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I have just completed a TEFL certificate course and I have always prided myself on speaking the Queen's English - I believe it is called RP (Receptive Pronunciation). However, I was appalled to find that I had answered one of the grammar questions in my exam with an incorrect answer. I need to clarify whether or not it is possible in good English to say "Tom will be going to play tennis tomorrow" I am not intending to use the "be going to" grammatical form. I am simply saying that Tom will be going somewhere tomorrow. Where will he be going? He will be going to play tennis. If you tell me that I can't say that I will have to (reluctantly) agree with you but I am sure that I say it all the time! My teacher (who is Polish) tells me that it is grammatically incorrect. Is she right?
AnonymousThe problem is that you have a "double future," since "is going to" is already a future statement
No. He already explained that that wasn't the meaning he intended. Read his post again.

The sentence is fine.

CJ
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The sentence "Tom will be going to play tennis tomorrow." is not correct. The problem is that you have a "double future," since "is going to" is already a future statement (thus you don't need to also add a "will" to it). So you either say, "Tom is going to play tennis tomorrow." or Tom will play tennis tomorrow." - but not "Tom will be going to play tennis tomorrow."
Note that you can say, "He will be going to the tennis courts tomorrow." - "will be going" is future tense, and "to the tennis courts" is an adverbial phrase modifying the verb. However, you can't say, "He will be going to play tennis tomorrow." because "is going to" is already future and equivalent to the single word "will." So you have essentially said: He will will play tennis tomorrow."
I like this answer! Little Miss Perfect doesn't like to be wrong!Emotion: big smile
Welcome to English Forums, EcoAli.

RP = Received Pronunciation (BBC English). I don't quite see the connection with grammar.
Hi EcoAli

You might find this link interesting.

http://www.english-test.net/forum/ftopic77068.html

Tom
You're right! It was a bit of a long bow! I simply meant that I have always prided myself on speaking proper English - I am English - and it was a real shock to get one of the grammar questions wrong in my exam. I like CalifJim's answer. The point is that I am not actually intending to use the 'be going to' form of the verb. The actual question in the exam was: Correct the following English sentence: "Tom will be going to playing tennis tomorrow". Of course one solution is "Tom is going to play tennis tomorrow" but I felt that changed the meaning too much. Actually, I did not think! I just changed it to "Tom will be going to play tennis tomorrow" taking away the -ing on playing to bring it to the bare infinitive or base form of the verb. I still think that if I ask the question "Where will Tom be going tomorrow? I can reply: Tom will be going to play tennis tomorrow. Sorry to be a little pedantic but I don't like to be wrong too often as far as English is concerned!!!!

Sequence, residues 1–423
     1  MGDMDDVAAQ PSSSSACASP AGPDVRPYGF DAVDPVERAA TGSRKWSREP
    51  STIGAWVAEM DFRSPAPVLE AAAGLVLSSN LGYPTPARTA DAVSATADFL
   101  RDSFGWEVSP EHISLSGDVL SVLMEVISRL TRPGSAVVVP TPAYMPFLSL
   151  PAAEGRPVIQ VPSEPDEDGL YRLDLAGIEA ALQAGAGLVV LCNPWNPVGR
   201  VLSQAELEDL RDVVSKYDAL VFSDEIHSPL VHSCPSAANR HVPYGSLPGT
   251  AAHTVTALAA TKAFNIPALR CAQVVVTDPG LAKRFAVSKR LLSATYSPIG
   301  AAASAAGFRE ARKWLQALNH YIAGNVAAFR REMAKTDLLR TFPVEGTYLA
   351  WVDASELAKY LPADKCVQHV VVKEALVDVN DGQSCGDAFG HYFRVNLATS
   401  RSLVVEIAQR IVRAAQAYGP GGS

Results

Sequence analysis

The sentence, "Tom will be going to play tennis tomorrow.", at first glance, seems okay, but when you run it across your tongue a few times, you see that it's not. This is not proper English. This is the kind of thing that non-native speakers will come up with, things that are almost grammatical, but that a native speaker would not say. I see your logic here. You want to simply say that he's going somewhere. But this is just one of those things that are not acceptable usage. It seems okay, but this will cause a native speaker to look a little puzzled after a few seconds, because it doesn't quite register, since it's not the way native speakers talk.
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